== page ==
Today, as expected, the Food and Drug Administration announced that Four Loko violates the Food, Drug, and Cosmetic Act because the caffeine in it is not "generally recognized as safe" (GRAS) in this context. In addition to Phusion Products, the Chicago-based company that produces Four Loko (which has already said it will no longer make the drink with caffeine), the FDA is sending warning letters to just three other companies: United Brands of La Mesa, California, which makes Joose, a direct Four Loko competitor; Oregon's Charge Beverages, which makes Core, a similar product; and Boston's New Century Brewing Company, which makes Moonshot, a light lager with added caffeine. By contrast, Michigan's list (PDF) of newly forbidden "alcohol energy drinks" includes 55 product varieties made by 10 companies. Moonshot did not make the list, although a beer brewed with the caffeine-containing herb yerba maté did (to the consternation of its brewer).
The concerns expressed in the FDA's warning letters are familiar:
Reports in the scientific literature have described behavioral effects that may occur in young adults when energy drinks are consumed along with alcoholic beverages....Studies suggest that the combined ingestion of caffeine and alcohol may lead to hazardous and life-threatening situations because caffeine counteracts some, but not all, of alcohol's adverse effects....Because caffeine alters the perception of alcohol intoxication, the consumption of pre-mixed products containing added caffeine and alcohol may result in higher amounts of alcohol consumed per drinking occasion, a situation that is particularly dangerous for naive drinkers.
So why just these four companies? One criterion seems to be that they directly add caffeine to malt beverages, as opposed to using ingredients (such as coffee or yerba maté) that happen to contain caffeine (although that exception also would apply to guarana, one of the caffeine sources in Four Loko). The warning letters refer to "caffeine that has been directly added to an alcoholic beverage and packaged in combined caffeine and alcohol form." But the main factor distinguishing the companies that made the FDA's list from the ones that didn't is marketing (citations omitted):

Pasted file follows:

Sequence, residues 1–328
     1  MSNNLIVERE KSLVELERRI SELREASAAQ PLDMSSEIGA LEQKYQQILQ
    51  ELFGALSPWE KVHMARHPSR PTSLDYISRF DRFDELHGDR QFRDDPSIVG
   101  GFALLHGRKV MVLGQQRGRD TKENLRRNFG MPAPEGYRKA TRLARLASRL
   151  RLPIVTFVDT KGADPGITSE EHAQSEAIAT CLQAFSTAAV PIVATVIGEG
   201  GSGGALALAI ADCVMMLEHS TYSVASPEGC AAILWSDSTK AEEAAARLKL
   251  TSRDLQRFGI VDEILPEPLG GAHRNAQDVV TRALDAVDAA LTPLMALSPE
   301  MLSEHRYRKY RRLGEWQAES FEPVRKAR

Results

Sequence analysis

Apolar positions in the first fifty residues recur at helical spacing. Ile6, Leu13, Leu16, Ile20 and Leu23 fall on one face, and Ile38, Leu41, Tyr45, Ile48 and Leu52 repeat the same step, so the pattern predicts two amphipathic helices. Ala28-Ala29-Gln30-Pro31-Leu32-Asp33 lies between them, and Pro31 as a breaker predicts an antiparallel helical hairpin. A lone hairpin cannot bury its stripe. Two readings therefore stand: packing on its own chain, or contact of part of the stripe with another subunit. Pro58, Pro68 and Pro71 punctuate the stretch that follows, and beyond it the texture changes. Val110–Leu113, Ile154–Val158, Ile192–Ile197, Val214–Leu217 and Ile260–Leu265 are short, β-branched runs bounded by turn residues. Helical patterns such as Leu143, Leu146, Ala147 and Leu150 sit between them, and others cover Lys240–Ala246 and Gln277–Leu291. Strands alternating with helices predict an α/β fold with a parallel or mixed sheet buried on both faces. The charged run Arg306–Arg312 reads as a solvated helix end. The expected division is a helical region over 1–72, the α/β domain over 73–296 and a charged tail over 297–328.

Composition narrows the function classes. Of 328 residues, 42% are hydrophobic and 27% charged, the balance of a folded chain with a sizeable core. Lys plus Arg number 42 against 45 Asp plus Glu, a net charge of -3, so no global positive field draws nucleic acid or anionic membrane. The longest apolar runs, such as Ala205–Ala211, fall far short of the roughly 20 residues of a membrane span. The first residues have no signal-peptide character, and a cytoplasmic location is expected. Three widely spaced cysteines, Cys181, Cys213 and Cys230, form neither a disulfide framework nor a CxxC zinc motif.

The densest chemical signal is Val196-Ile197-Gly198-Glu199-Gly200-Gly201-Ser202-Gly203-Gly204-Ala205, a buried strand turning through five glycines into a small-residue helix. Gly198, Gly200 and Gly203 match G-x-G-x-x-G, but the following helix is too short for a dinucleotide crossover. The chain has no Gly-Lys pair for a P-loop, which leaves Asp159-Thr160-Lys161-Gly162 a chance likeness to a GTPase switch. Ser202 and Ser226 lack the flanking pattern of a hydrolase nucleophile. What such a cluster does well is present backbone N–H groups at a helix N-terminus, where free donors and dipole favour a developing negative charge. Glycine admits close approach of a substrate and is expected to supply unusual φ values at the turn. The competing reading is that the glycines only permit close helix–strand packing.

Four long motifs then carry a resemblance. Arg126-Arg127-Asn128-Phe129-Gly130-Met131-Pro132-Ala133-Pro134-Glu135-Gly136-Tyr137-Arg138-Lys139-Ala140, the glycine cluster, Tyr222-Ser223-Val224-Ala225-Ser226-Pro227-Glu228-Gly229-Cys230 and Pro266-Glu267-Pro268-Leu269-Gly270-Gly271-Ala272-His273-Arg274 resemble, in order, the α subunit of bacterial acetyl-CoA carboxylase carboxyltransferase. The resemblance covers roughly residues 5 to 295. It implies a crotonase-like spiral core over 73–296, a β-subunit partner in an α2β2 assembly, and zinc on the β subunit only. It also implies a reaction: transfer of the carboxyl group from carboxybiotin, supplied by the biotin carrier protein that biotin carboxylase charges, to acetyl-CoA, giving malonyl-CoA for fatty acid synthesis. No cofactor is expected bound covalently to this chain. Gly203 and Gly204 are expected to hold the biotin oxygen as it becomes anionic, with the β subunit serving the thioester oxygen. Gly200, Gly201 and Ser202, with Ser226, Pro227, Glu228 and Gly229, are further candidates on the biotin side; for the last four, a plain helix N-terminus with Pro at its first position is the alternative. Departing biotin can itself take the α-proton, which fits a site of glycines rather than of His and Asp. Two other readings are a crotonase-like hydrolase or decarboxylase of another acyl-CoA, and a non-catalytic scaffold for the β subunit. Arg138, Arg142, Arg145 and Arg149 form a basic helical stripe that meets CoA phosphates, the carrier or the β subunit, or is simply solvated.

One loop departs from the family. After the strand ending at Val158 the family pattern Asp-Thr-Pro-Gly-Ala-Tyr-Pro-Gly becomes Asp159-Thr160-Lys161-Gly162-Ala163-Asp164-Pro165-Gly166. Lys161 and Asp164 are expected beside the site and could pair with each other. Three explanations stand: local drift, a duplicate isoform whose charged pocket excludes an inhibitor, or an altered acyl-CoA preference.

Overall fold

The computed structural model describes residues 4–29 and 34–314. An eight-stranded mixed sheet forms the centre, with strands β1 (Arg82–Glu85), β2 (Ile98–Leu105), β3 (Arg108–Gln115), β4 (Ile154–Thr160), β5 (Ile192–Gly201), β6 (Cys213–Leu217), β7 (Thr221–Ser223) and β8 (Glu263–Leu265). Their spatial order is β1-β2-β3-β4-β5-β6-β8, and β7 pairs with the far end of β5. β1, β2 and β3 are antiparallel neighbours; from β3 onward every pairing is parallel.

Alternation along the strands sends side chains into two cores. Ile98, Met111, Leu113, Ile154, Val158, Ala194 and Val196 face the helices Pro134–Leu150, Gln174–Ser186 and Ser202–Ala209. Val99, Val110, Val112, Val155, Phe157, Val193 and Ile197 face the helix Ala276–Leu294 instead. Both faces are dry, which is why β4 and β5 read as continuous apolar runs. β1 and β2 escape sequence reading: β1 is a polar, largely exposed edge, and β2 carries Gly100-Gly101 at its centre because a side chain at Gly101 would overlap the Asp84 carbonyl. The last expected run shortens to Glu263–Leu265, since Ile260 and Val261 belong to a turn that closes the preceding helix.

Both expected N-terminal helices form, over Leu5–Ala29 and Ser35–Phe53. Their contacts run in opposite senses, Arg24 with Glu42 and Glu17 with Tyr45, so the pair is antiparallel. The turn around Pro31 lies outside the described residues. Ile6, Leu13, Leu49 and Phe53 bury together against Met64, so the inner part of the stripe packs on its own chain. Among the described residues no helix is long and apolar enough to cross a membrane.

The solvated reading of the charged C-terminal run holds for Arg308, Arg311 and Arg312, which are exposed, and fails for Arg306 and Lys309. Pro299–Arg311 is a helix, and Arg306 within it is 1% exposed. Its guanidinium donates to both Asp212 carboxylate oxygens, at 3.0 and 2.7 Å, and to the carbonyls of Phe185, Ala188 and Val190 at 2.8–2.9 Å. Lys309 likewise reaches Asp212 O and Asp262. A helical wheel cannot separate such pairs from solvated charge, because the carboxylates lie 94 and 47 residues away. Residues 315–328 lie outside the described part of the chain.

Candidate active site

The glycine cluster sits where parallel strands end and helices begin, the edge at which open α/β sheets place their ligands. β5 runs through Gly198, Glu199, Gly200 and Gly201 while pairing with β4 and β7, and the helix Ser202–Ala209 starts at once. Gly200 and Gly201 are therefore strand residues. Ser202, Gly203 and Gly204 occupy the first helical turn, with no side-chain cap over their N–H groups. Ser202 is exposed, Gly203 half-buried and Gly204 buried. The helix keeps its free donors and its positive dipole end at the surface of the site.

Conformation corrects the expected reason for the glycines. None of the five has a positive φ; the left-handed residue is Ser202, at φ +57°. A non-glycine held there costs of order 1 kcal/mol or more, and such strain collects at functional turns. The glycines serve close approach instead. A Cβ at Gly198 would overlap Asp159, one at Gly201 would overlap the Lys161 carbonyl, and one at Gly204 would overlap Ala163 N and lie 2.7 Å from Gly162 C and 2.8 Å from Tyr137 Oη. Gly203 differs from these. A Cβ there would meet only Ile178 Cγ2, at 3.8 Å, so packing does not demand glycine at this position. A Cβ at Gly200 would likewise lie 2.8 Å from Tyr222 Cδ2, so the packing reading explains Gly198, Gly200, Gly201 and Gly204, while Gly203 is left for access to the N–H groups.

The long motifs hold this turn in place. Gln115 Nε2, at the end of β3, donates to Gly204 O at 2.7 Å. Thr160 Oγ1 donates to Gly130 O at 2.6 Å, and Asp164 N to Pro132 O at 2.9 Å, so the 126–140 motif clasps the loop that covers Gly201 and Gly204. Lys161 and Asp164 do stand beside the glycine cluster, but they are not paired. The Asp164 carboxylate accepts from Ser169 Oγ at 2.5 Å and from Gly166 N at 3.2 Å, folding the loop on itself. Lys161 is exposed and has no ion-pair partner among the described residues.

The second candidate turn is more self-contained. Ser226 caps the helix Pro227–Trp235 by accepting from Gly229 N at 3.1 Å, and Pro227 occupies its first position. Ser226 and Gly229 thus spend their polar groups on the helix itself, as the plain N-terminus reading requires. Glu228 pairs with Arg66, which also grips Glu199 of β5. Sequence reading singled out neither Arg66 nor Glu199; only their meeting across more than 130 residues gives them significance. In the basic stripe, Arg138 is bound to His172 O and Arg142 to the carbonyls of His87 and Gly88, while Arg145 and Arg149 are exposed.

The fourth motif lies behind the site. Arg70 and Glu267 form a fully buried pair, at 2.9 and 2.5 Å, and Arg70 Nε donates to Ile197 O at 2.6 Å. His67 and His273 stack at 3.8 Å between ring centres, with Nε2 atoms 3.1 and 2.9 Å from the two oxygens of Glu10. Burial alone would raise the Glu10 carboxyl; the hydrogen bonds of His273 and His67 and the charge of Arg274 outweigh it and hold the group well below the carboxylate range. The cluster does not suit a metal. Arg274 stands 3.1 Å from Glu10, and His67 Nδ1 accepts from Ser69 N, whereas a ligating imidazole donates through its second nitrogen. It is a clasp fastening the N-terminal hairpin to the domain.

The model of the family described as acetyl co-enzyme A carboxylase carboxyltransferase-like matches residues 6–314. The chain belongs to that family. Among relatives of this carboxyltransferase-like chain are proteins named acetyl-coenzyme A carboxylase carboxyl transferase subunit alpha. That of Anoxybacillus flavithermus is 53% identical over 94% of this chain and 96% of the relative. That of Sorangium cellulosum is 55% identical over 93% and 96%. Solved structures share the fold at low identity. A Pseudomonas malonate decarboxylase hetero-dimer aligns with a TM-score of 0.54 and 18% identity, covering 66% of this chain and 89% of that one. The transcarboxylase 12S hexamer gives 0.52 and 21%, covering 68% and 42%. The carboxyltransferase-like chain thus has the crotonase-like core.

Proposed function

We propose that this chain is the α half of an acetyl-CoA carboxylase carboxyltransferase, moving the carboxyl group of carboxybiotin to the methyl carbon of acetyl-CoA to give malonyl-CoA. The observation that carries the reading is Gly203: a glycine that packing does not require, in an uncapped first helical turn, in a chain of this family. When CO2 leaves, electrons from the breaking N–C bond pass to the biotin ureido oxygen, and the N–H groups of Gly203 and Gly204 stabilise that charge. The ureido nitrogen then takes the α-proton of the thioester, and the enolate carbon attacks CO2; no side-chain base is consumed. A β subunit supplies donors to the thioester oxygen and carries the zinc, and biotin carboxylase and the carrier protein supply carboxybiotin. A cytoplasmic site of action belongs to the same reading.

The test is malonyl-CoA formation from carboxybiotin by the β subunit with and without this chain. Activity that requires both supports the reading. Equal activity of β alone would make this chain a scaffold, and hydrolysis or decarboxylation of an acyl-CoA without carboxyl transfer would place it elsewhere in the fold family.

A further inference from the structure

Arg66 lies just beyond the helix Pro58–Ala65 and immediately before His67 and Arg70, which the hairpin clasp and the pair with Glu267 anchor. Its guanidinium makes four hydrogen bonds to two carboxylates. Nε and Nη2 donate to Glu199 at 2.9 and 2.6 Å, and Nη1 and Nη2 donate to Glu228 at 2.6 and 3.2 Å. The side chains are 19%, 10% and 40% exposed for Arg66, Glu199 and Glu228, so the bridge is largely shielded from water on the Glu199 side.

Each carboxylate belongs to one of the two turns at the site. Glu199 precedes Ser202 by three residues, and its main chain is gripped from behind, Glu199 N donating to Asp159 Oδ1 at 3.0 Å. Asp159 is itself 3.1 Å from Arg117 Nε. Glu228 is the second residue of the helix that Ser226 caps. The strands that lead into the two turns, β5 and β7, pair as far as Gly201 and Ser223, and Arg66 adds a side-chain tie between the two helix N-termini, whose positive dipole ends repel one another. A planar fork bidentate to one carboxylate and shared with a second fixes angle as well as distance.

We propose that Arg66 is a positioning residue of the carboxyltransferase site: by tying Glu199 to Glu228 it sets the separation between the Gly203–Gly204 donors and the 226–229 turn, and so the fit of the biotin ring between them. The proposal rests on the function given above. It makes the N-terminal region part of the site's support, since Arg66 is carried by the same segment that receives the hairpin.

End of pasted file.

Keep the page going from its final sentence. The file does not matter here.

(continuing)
GRAS status is not an inherent property of a substance, but must be assessed in the context of the intended conditions of use of the substance. The assessment includes a consideration of the population that will consume the substance. Therefore, the scientific data and information that support a GRAS determination must consider the conditions under which the substance is safe for the use for which it is marketed. Reports in the scientific literature have raised concerns regarding the formulation and packaging of pre-mixed products containing added caffeine and alcohol. For example, these products, presented as fruity soft drinks in colorful single-serving packages, seemingly target the young adult user. Furthermore, the marketing of the caffeinated versions of this class of alcoholic beverage appears to be specifically directed to young adults. FDA is concerned that the young adults to whom these pre-mixed caffeine and alcohol products are marketed are especially vulnerable to the adverse behavioral effects associated with consuming caffeine added to alcohol, a concern reflected in the publicly available literature.
In short, a caffeinated alcoholic beverage targeted at "young adults" is "adulterated," while exactly the same beverage targeted at middle-aged drinkers is not. The FDA is not really banning drinks; it is censoring speech.
In the April issue of Reason, Greg Beato argued that the message sent by Four Loko's marketing, as opposed to the caffeine in the can, was the real source of controversy.